Talking to some of them, I found concern that Hillary carries too much baggage from her turbulent marriage and her husband's presidency to do any better than John Kerry did last year. One female office holder was looking hard for another Southern moderate who could bite into the Confederacy as Jimmy Carter and Bill Clinton had done.

Another woman office holder was hostile to a Clinton candidacy on a more personal basis. "Don't think that Hillary has the women's vote," she told me. "I will never forgive her for sticking with her husband after he humiliated her. It's something I can't get over."

Sometimes in politics, the three most important things are baggage, baggage and baggage. Hillary has got plenty of it. After running one barely contested race, she has been proclaimed a political genius, but her political abilities have never been tested, and a presidential race is a poor choice for on-the-job training. She has the most name recognition of any potential Democrat in the 2008 race, but that is not the same thing as political smarts. She made it into the senate by hiding from the press and the voters, but you cannot do that in a presidential race. The last candidate to try was President Taft in 1912, and he ended up in third place, quite a distinction for an incumbent president.

Dems and the Black Voter

Tony Snow has an interesting article about the Democrats' growing problem with black voters. Link.
In subtle and unstated ways, Howard Dean has aired a dirty little secret. Democrats have a growing problem with black voters, and it stems from three sources. First comes the simple fact that government "help" has proved an unmitigated disaster for low-income black Americans. Eighty years ago, black children in such places as New York, Philadelphia and Detroit were more likely to grow up in two-parent homes than whites. Now, 70 percent of the nation's black children are born out of wedlock, black men comprise 70 percent of the nation's prison population, black graduation rates lag far behind white rates — and all these numbers have worsened by several degrees of magnitude since Uncle Sam launched the war on poverty.

Second comes the fact that the war on poverty itself degenerated into a vast insult against black Americans. Poverty programs assumed that blacks lived naturally in a state of poverty, lawlessness, ignorance and cupidity — and that there was nothing blacks themselves could do about it. The culprits, after all, were "root causes" such as slavery.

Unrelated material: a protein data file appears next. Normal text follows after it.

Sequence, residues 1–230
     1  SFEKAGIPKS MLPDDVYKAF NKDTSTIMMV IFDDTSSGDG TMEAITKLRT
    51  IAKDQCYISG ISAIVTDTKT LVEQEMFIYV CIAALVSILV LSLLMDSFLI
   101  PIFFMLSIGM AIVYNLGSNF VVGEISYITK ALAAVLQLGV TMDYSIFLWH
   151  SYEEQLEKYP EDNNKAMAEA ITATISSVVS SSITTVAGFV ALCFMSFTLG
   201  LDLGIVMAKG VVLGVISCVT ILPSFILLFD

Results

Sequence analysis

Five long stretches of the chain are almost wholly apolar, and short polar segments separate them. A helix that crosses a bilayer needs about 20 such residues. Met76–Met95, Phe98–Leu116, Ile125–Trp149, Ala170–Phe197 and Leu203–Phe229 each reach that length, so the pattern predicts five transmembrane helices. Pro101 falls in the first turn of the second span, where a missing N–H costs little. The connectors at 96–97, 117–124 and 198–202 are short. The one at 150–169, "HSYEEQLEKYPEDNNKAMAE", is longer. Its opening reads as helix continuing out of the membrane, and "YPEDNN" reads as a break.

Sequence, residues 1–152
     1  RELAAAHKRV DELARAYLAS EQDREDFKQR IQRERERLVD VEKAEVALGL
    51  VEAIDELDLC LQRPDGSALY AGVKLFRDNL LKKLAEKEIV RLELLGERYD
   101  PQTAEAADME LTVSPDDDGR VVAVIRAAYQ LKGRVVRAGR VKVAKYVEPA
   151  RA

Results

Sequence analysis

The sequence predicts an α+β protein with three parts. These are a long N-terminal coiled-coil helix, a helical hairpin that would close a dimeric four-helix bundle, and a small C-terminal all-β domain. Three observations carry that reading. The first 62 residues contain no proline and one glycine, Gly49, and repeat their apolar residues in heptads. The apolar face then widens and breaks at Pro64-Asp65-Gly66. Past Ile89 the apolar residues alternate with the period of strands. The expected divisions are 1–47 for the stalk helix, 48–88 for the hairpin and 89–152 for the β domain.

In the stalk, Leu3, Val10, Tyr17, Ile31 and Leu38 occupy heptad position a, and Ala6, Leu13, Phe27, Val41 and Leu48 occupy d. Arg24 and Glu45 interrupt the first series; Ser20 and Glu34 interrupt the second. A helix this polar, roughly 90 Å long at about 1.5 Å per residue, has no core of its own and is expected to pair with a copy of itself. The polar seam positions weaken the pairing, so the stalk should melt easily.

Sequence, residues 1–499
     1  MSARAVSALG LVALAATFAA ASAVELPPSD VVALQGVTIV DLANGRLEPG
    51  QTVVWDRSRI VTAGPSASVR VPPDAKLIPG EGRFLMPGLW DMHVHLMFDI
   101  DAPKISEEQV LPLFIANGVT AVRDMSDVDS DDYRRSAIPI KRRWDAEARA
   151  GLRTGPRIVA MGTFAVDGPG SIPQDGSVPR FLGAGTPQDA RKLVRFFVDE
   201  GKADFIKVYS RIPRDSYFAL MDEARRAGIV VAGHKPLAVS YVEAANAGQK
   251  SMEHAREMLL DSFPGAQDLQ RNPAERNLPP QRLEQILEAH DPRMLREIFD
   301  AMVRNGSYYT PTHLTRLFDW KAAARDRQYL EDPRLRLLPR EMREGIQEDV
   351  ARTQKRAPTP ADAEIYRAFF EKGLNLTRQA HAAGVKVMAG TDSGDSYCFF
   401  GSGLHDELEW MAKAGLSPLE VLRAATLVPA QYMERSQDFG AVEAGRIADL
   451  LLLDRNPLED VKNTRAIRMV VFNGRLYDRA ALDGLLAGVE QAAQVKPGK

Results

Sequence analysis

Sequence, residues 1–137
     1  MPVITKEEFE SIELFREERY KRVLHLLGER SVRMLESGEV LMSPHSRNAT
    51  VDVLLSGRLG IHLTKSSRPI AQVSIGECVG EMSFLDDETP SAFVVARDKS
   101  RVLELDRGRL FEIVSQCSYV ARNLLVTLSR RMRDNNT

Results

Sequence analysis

In other words, black Americans couldn't conquer hardship without white help. It was a small step for left-wing officeholders to treat minority voters as dependents, who owed absolute fealty to their kind benefactors. This explains why conservative blacks receive such vituperation from the likes of Sen. Edward Kennedy. It is as if an ungrateful child had spurned a generous and loving parent, who could only watch in exasperation and declare: "After all I've done for you!"

Third, a values gulf has opened between the Democratic Party and black voters. The key Democratic interest groups focus on two causes — prolonging the sexual revolution and suppressing conventional religious expression. The party's untouchable cause, abortion, has more appeal to white suburban housewives than to more conservative blacks. Ditto for gay marriage, and the growing Democratic hysteria about religion, which dismisses orthodox religious views as "extreme."

Black voters have trickled away from the Democratic fold without flocking to the GOP. Polling indicates that a growing percentage of black voters identify themselves as "independents."

Republicans should have had an easy time appealing to black voters. The Democrats were the party of slavery and later the party of Jim Crow. It was Democrat senators who killed every anti-lynching and civil rights bill until 1964, and even then they tried unsuccessfully. Their senior member in the senate is a former kleagle of the Ku Klux Klan, who personally participated in the filibuster against the 1964 Civil Rights Act. The Civil Rights Act and the Voting Rights Act passed over Southern Democrat opposition because the Republicans voted in large numbers for them.

The so-called "War on Poverty," which did little or nothing to end poverty, but helped to destroy the cohesion of black families and black neighborhoods, gave its hundreds of billions of dollars not to the poor, but to "poverty professionals." Included in that definition was anyone whom the MSM identified as a "black leader." These people were bought and paid for, and they have spent the decades since telling black voters that the Democrats are their friends and that the Republicans want to reinstitute slavery or at least Jim Crow.

As long as black voters had no alternative to the liberal media monopoly, they never heard the truth about who fought for their rights and who opposed those rights. Now, with the media monopoly broken, more and more black voters are learning that most of their ideas are shared by the Republicans, not the Democrats, and that the Democrats take them for granted.